From the Field: A Profile of the New Orleans Secular Humanist Association

This year, the host chapter of the Annual American Humanist Association Conference is the New Orleans Secular Humanist Association (NOSHA), an affiliate of the AHA. Founded in 1999, the group has since then grown and has become the city’s premier secular organization with multiple meetings every month. Here, NOSHA president Harry Greenberger, explores the New Orleans group’s history, its programs, and welcomes humanists from around the country to the Crescent City!

HNN: Tell me about how your group got started. What were its beginnings?

Harry Greenberger: In the fall of 1999 a young mother in New Orleans contacted the Council for Secular Humanism requesting information as to a local group. Since there was none at that time they suggested that she organize one and sent materials to be used. The first meeting at an area bookstore of a dozen or so people, previously unknown to each other, inaugurated New Orleans Secular Humanist Association (NOSHA.) I accepted their offer to become its first President, a position I have held for twelve years. A Board of Directors was established which has always included a number of college professors.

NOSHA received a State Charter and IRS approval as a non-profit corporation. From early small meetings, through word of mouth and networking, attendance at monthly meetings began to grow. A lengthy interview along with photographs appeared in the Times Picayune newspaper which brought attention to the group. A columnist for that newspaper has often written about the local secular group and its public appearances (including several occasions presenting a secular invocation to open City Council Meetings).

HNN:  What programs does NOSHA offer to its members?

Harry Greenberger: With the exception of a few months following Hurricane Katrina floods, NOSHA has continued formal monthly meetings, generally with a speaker on a topic of interest, which included numerous notables in the secular movement along with local speakers with topics of importance. Such meetings always included Q&A time along with socialization and refreshments. In recent years NOSHA has presented well-attended anniversary banquets, with guest speakers Sean Faircloth, Ellen Johnson and Annie Laurie Gaylor.

The NOSHA website ( is maintained and updated to provide a variety of materials for anyone wanting to know more about the group and its activities. AHA members planning to attend the New Orleans Conference will enjoy exploring this site, where quarterly newsletters can be seen.

For about ten years NOSHA has presented a public access television program, for which I have been the host with a variety of guests. It airs locally twice on Fridays and twice on Sundays.  The programs have been converted to been seen through NOSHA’s website, where a menu of the shows allows the viewer to make selections.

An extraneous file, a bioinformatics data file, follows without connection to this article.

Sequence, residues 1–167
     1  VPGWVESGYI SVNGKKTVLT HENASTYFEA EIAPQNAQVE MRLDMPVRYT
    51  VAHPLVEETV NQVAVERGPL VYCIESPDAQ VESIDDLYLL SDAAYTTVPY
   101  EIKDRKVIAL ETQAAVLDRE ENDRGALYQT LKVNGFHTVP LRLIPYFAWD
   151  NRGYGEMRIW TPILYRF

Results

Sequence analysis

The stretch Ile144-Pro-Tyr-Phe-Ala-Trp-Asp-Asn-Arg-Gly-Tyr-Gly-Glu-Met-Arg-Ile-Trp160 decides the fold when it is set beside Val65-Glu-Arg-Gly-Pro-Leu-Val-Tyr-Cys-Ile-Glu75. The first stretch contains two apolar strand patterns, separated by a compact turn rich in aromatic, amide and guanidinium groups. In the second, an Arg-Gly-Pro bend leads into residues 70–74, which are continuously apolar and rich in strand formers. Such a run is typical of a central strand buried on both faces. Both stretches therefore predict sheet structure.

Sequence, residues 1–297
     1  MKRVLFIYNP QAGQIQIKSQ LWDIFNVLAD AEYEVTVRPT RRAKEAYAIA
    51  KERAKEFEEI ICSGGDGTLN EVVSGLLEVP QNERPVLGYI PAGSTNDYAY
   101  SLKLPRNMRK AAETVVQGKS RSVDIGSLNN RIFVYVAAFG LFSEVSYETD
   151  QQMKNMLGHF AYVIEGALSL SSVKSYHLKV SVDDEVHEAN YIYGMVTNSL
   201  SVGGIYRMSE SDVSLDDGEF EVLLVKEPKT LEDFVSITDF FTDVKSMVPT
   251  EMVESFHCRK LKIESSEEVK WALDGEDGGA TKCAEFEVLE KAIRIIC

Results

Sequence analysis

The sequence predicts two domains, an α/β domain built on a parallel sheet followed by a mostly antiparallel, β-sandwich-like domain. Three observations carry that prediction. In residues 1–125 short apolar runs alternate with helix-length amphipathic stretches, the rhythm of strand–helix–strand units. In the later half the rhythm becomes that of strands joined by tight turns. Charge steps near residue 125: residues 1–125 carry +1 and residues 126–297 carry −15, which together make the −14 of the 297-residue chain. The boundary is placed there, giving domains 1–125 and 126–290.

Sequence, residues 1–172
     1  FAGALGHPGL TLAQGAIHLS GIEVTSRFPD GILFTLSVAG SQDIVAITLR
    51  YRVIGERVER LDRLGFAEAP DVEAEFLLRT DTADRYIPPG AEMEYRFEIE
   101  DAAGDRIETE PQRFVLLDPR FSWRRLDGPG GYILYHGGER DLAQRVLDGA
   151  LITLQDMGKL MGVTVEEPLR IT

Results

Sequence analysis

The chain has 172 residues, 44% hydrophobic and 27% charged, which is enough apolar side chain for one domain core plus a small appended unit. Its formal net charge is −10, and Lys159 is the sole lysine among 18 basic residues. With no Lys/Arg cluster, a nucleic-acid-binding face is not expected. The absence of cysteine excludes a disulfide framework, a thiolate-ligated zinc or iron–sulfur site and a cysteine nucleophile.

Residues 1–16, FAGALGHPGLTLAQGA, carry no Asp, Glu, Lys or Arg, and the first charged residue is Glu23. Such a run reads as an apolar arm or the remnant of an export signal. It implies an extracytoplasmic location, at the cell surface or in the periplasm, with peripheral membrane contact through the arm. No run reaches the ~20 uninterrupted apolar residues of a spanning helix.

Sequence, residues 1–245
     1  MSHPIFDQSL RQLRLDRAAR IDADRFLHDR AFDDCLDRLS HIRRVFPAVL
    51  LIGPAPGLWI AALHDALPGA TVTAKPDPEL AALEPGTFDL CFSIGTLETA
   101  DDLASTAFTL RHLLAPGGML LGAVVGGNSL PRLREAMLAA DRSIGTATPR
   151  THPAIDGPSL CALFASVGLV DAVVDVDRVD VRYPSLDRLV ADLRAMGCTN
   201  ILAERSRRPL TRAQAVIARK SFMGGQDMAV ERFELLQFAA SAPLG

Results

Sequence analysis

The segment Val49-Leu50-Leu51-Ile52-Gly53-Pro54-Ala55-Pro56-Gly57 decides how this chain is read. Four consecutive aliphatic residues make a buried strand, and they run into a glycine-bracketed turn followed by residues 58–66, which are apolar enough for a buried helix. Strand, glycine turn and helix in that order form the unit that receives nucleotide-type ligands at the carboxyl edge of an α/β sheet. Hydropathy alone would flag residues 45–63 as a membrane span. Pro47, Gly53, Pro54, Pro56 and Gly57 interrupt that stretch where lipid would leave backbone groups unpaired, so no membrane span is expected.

There is an Internet discussion site which is available to persons on the mailing list after they request such access and are approved for it. Daily discussions on a multitude of topics are common.

HNN: How big is the humanist community in New Orleans? What has the public’s reaction to humanist and humanism been?

Harry Greenberger: Many people choose to be added to the mailing list, but not to become dues paying members. That mailing list now exceeds six hundred names. While Louisiana is not fertile ground for atheism our activities have not resulted in any backlash nor abasement.

HNN: How has NOSHA showed New Orleans examples of “being good without a god?”

Harry Greenberger: While NOSHA has not until recently planned public service activities, it has through the years been supportive of the ACLU, PFLAG, NOAIDS Task Force and the Gay and Lesbian Center and has lobbied against the Louisiana Science Education Act, which leaves an opening for the teaching of creationism.

Twice monthly there is a NOSHA social dinner club and happy hour at a variety of New Orleans restaurants and a Heretics Brunch on the last Sunday of some months. NOSHA celebrates the Summer and Winter Solstices with a pot luck party which is always well attended.

HNN:  Where do you see the humanist movement in five years?

Harry Greenberger: NOSHA considers its hosting of the AHA Conference in New Orleans as a highlight in its history and hopes that its Welcome Reception at the event provides a taste of this city’s flavor.

For New Orleans and the rest of the country NOSHA people project a recovery from the Tea Party religious reactionaries and through the upcoming generations an enlargement of a secular society.

Eric Nguyen is the field coordinator for the American Humanist Association.